Carina Fourie, PhD
Research interests: applied ethics, bioethics, health, medical ethics, political philosophy, race and ethnicity, public health ethics, population health ethics, theories of justice, background and experience
PhD in Philosophy, University College London: 2007
Benjamin Rabinowitz Assistant Professor in Medical Ethics, Department of Philosophy Adjunct Assistant Professor, Department of Bioethics and Humanities
Carina is the Benjamin Rabinowitz Chair in Medical Ethics at the Program on Ethics in the Philosophy Department, University of Washington (UW). She is also an Adjunct Assistant Professor at the Department of Bioethics and Humanities, UW.
After completing her PhD at University College London, she conducted research on occupational health and its policy for UK industry and government. Before joining UW, she worked as a postdoctoral fellow at the Philosophy Department and the Institute of Biomedical Ethics at the University of Zurich in Switzerland.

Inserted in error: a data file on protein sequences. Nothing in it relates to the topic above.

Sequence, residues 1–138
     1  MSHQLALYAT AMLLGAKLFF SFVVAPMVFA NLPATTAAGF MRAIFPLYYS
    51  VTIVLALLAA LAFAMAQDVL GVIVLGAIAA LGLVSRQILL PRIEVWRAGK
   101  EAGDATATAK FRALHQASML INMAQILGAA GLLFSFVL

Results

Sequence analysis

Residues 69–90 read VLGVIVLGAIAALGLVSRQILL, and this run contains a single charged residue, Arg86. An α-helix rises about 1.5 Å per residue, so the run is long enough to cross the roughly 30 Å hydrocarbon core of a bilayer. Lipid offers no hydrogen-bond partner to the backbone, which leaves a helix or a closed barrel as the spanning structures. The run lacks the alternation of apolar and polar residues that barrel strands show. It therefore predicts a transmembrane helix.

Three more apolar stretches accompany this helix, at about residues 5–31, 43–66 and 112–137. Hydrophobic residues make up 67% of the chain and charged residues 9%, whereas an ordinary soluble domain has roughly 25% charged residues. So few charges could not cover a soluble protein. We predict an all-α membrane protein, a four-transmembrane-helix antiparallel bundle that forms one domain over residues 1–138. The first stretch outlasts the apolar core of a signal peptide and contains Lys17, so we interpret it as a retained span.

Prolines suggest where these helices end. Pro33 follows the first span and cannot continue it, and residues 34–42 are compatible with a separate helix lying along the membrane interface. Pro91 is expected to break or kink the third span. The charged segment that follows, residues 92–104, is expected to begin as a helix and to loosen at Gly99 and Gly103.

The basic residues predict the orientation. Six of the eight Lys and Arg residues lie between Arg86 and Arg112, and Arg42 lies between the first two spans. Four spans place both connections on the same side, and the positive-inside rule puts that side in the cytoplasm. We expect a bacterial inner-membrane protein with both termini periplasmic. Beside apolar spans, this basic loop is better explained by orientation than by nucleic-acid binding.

Carina works on a range of topics in the ethics of medicine, healthcare, and public and population health, as well as in social and political philosophy. She is particularly interested in research and teaching at the intersection of theories of justice, and medical ethics broadly construed. She is currently working on projects and papers related to: (1) gender bias and epidemiological research, (2) discrimination as a social determinant of health, (3) privilege and psychological distress, (4) principles and duties of justice in medical practice, (5) the mere difference view of disabilities, and (6) relational egalitarianism and relational autonomy. She teaches courses on Medical Ethics, Public Health Ethics, Health Justice, John Rawls, and Equality and Racial Injustice.
Carina serves on the advisory committee for the Washington Institute for the Study of Inequality and Race (WISIR), and for the Global Health Minor at UW; she is also a member of the Munich Center for Ethics (MKE) at the Ludwig-Maximilians-Universität München. Additionally, she co-organizes the Health & Inequality Network (THINK) at UW.